Lake Forest Park celebrates demo rain garden installation

Thursday, July 5, 2018

From left Jim Halliday Co-Chair StreamKeepers, Elizabeth Louden King County Grants Administrator, LFP Mayor Jeff Johnson, King County Councilmember Rod Dembowski, Mark Phillips, Co-Chair StreamKeepers and LFP City Councilmember.
Back row, Phillip Hill LFP City Administrator. Photo by Gary Hawkey

By Donna Hawkey

On Sunday, June 24, 2018, The Lake Forest Park (LFP) StreamKeepers held an event to celebrate the installation of a rain garden at Town Center.

County Councilmember Rod Dembowski
Photo by Mark Phillips

Citizens learned how the rain garden works, and how it became a reality with the help of King County Councilmember Rod Dembowski. Councilmember Dembowski said he was concerned about the streams in the North King county.

He arranged for a small Waterworks grant through the County’s Wastewater Treatment Division with no specified purpose except “to do something good for the streams.” He then called the LFP Streamkeepers to see if they had any ideas. 

After about a year of research and discussion, the LFP StreamKeepers were clear that they wanted to address the worsening problem of stormwater runoff, and decided a rain garden installation would be the best use of the grant. Waterworks grant funding comes from small charges on residents’ sewer bills and is an example of how taxpayer money gets returned to the community.

Lake Forest Park rain garden captures run off from Town Center
Photo by Gary Hawkey

A rain garden offers four distinct benefits:
  1. Pollution reduction 
  2. Flood protection 
  3. Habitat for hummingbirds and butterflies and other insects 
  4. Water Conservation
The more rain garden installations, the less stormwater runoff a municipality has to process. Treating stormwater runoff is a costly one for taxpayers, stated Councilmember Dembowski. LFP StreamKeepers hopes that housing a real-life functioning rain garden in a public place will raise awareness among citizens and lead to additional installations.

This particular rain garden is capturing stormwater runoff in the parking lot that would otherwise flow directly into Lyon Creek. According to King County, after one inch of rain, 27,000 gallons of stormwater runoff takes place in a one-acre parking lot; 675,000 gallons of treated wastewater is discharged into Puget Sound each day.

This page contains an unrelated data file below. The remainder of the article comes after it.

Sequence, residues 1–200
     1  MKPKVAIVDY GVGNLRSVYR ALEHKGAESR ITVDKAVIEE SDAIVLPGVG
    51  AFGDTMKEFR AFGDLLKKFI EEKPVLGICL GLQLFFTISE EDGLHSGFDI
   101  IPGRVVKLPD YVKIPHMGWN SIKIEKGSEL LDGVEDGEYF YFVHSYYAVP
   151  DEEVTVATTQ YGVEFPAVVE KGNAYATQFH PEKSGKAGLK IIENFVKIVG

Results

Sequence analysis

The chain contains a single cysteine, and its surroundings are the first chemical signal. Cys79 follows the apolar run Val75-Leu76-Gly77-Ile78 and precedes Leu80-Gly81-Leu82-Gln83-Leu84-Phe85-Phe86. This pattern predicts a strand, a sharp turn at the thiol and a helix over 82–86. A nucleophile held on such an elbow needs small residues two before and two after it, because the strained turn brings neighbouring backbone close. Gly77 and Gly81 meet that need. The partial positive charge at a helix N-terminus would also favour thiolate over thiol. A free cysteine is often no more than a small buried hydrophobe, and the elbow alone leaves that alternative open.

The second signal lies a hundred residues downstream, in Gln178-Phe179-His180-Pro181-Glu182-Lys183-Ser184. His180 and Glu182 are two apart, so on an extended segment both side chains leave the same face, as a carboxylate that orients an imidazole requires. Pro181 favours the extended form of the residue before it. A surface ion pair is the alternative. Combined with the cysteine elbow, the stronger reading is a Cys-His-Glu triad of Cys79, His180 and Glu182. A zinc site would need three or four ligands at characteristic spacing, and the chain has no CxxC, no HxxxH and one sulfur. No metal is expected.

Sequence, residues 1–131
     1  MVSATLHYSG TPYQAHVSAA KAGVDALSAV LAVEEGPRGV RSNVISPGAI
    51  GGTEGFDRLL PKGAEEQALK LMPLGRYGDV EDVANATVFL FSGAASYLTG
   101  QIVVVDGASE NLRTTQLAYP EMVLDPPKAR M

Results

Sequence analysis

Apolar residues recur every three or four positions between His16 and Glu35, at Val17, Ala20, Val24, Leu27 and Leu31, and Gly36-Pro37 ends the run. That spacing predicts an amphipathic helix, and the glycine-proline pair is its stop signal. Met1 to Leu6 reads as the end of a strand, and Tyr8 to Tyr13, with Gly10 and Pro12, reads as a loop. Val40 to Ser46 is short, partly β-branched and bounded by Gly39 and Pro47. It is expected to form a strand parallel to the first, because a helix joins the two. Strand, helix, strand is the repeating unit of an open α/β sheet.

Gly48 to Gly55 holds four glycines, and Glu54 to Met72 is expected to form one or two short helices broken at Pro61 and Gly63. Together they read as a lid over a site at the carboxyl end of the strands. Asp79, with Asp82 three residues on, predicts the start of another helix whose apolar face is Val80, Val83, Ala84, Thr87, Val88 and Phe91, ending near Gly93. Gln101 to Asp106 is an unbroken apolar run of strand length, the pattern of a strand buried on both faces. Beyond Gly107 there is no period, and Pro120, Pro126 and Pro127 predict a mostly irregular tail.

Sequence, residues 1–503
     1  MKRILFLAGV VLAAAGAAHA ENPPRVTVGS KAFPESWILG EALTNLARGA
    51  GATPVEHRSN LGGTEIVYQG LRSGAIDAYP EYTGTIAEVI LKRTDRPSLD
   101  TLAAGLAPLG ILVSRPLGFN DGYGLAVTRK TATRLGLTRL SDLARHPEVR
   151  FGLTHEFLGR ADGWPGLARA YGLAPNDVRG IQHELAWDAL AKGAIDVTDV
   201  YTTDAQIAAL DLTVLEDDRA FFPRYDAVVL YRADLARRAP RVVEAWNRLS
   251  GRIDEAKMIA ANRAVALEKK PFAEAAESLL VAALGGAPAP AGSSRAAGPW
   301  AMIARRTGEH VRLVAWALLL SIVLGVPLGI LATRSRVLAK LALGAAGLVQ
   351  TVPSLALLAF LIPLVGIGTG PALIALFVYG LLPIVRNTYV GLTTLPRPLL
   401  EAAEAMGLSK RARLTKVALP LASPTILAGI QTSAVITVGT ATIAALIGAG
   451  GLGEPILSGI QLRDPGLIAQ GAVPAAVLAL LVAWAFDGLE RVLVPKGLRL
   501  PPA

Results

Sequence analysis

The rain garden is 15x18 feet and captures an estimated 15 cubic yards of water. It drains about .6 acre of the City Hall parking lot.

“It’s not as large an installation as we would have liked, due to cost considerations, but it is state of the art,” said StreamKeepers Co-Chair Jim Halliday.

It was installed by the Snohomish Conservation District, under the supervision of Derek Hann, who has worked closely with Washington State University’s (WSU) Stormwater Center in Puyallup. See previous article "Rain on the Rain Garden"

Merlone Geier Partners, owners of the rain garden site in the Town Center, provided support and even helped with expert landscaping advice, said LFP StreamKeepers Co-Chair and LFP Councilmember Mark Phillips.

The garden is sited next to Bank of America
Photo by Gary Hawkey
Also assisting with the installation were members of the Veterans Conservation Corps (VCC) and LFP StreamKeeper volunteers. The neighboring branch of Bank of America also helped by closing one of its drive-through lanes during construction and allowing the use of their power and water.

LFP StreamKeepers Co-Chair Halliday told the residents that “if we want to preserve salmon for our children and our grandchildren, we can’t continue like this. It’s very simple. It first begins in our hearts and our backyards.”

Stormwater runoff is a serious issue in King County. Salmon spawning streams have become increasingly polluted. During the last several decades of development on the North end, and particularly in Mountlake Terrace, Lynnwood, and Lake Forest Park, impervious surfaces have increased, along with the chemical contaminates that adversely affects the water quality of LFP streams.

The sign explains how the rain garden
filters the water
Photo by Mark Phillips
Contaminants also come from residents’ backyards from the use of fertilizers and pesticides.

Other stormwater pollution is caused by bacteria from pet wastes and failing septic systems, oil, grease, coolants and metals from vehicles, soil from construction sites, soaps from car or equipment washing, and really anything else that ends up on the ground, according to King County.

The rain mixes in with all these contaminates and then flows into the nearby lakes, streams and eventually Puget Sound.

“These larger volumes of runoff impact stream structures, undercut banks and wash away gravel beds,” said StreamKeepers Co-Chair Mark Phillips.

Stewardship Partners served as fiscal agent for the rain garden project and provided signage. Rain garden information and funding for projects can be found through their 12,000 Rain Garden program.

More information about the Lake Forest Park StreamKeepers

Donna Hawkey can be reached at


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